By Lynne Gray, PhD
Please note this opera can be streamed from www.metopera.org.
Wednesday, June 10
Humperdinck’s Hansel and Gretel ~ 2 HRS 00 MIN
Conducted by Vladimir Jurowski; starring Christine Schäfer, Alice Coote, Rosalind Plowright, Philip Langridge, and Alan Held. Transmitted live on January 1, 2008.
Richard Jones’s deliciously deranged production supports the somewhat macabre sensibilities of the original story by the Brothers Grimm – and adds some slapstick of its own! Tonight’s performance presents the Met’s popular ‘family-friendly’ version of the opera, which is abridged and sung in English, but still serves up much of Humperdinck’s luscious music – combining lyrical, folk-inspired melodies with stirring symphonic grandeur. Alice Coote stars as Hansel (we’ve seen her in another trouser role in Idomeneo and as a woman in love in Exterminating Angel) and Christine Schäfer is Gretel – the well-known siblings who become lost in the woods, encounter a Sandman and a Dew Fairy, and battle a ravenous Witch—here, a zany ‘reverse’ trouser role (skirt role?) – portrayed by tenor Philip Langridge. The wonderful Met orchestra, under the baton of Vladimir Jurowski, delights in the folk-inspired score.
The story is familiar – two hungry children of a poor broom-maker in medieval Germany – Hansel and Gretel are left alone at home to do chores, but they are hungry and bored. Gretel sings a happy little ditty, “Suse, liebe Suse, was raschelt im Stroh?” (Suse, dear Suse, what is rustling in the straw?), and then shows Hansel the pitcher of milk a neighbor has left them for supper. They dance in happy anticipation of the rice pudding Gretel will make. Gertrud, their tired mother enters to find them dancing and scolds them for not working. As she threatens to beat them she accidently knocks over the precious milk and in a fury sends them out to pick strawberries.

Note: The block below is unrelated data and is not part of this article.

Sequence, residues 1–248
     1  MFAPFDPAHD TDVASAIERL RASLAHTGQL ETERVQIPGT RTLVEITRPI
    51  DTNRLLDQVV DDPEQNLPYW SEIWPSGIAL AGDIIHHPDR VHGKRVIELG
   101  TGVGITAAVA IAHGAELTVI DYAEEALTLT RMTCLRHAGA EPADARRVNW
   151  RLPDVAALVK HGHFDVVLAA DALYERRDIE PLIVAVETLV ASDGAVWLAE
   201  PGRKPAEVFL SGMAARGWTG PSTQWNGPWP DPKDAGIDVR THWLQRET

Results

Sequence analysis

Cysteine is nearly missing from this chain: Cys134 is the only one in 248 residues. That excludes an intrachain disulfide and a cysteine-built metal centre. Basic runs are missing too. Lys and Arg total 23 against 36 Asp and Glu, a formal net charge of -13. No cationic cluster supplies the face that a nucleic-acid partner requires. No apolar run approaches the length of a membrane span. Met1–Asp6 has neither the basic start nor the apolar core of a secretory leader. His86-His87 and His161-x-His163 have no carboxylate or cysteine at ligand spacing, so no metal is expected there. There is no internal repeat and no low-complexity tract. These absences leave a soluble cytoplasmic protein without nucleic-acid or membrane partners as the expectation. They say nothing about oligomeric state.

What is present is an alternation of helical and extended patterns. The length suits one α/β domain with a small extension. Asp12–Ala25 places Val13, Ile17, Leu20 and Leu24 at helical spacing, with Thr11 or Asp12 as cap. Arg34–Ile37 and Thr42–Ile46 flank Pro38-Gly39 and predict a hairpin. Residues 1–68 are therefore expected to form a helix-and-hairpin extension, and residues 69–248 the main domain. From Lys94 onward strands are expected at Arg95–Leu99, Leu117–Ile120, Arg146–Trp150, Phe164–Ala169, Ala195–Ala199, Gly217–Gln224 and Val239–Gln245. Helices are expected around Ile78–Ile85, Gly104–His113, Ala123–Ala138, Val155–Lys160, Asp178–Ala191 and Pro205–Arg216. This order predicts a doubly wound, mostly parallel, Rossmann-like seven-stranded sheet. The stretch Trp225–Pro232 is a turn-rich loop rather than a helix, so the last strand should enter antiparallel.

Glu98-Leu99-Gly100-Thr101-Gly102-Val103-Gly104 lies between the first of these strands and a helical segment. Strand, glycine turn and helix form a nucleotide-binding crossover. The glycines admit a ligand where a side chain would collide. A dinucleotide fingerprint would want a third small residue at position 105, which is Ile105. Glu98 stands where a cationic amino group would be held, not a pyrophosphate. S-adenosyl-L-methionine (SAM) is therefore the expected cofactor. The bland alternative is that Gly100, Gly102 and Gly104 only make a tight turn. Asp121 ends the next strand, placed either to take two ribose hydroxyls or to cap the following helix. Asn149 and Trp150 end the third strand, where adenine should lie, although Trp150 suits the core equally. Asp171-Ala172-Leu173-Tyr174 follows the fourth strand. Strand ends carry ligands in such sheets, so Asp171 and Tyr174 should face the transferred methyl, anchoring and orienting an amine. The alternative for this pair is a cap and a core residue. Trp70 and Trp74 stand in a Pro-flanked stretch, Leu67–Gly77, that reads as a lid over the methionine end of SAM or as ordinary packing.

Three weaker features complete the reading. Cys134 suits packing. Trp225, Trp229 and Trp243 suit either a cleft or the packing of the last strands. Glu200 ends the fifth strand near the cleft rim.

Peter, their father returns home – drunk – and he too is scolded by Gertrud. He surprises her with food in his pack because he was able to sell all his brooms and as they celebrate, he asks where the children are “Doch halt, wo bleiben die Kinder?” (But wait, where are the children?). She tells him the story and he becomes anxious, saying the forest is the home of the evil Gingerbread Witch -(literally, the “Nibbling Witch”). The witch lures children with cakes and sweets, pushes them into her oven to turn them to gingerbread, and eats them. Peter and Gertrud rush into the forest to search for the children.
In the woods, the children lose their way and sit down to eat a few strawberries. Soon they have eaten them all and when they try to look for more they realize that it is getting dark and they are lost and tired. The Sandman appears and sprinkles the children’s eyes “Der kleine Sandmann bin ich” (I am the little Sandman). We hear their famous “Abends will ich schlafen gehn,” (I want to go to sleep in the evening, fourteen angels stay with me). Of course, they dream – and here the 14 angels are 14 comically enlarged chefs, a fish-headed table waiter, and real food. After the children have stuffed their mouths with sweets the scene degenerates into the most epic food fight the Met stage has ever seen.
In the morning, they are awakened by the Dew Fairy and of course discover the witch’s house. This is a wonderfully imaginative place – entertaining for children and adults as well. There is the “Hexenritt” – the frenetic “Witch’s Ride” which is just a kick, and all the shenanigans that go along with tricking the witch into leaning over her own oven and being pushed in – causing a tremendous explosion. All the gingerbread children are restored to life —- and they all live happily ever after!
I definitely recommend this imaginative production – it’s just plain fun – with lots of familiar tuneful melodies for the whole family…
1. Christine Schäfer as Gretel and Alice Coote as Hänsel in ‘Hänsel and Gretel’ at the Met. Photographed by Ken Howard/ Metropolitan Opera.
2. Christine Schäfer as Gretel and Alice Coote as Hänsel in ‘Hänsel and Gretel’ at the Met. Photographed by Ken Howard/ Metropolitan Opera.
3. Christine Schäfer as Gretel and Alice Coote as Hänsel in ‘Hänsel and Gretel’ at the Met. Photographed by Ken Howard/ Metropolitan Opera.
4. Philip Langridge as the Witch in ‘Hänsel and Gretel’ at the Met. Photographed by Ken Howard/ Metropolitan Opera.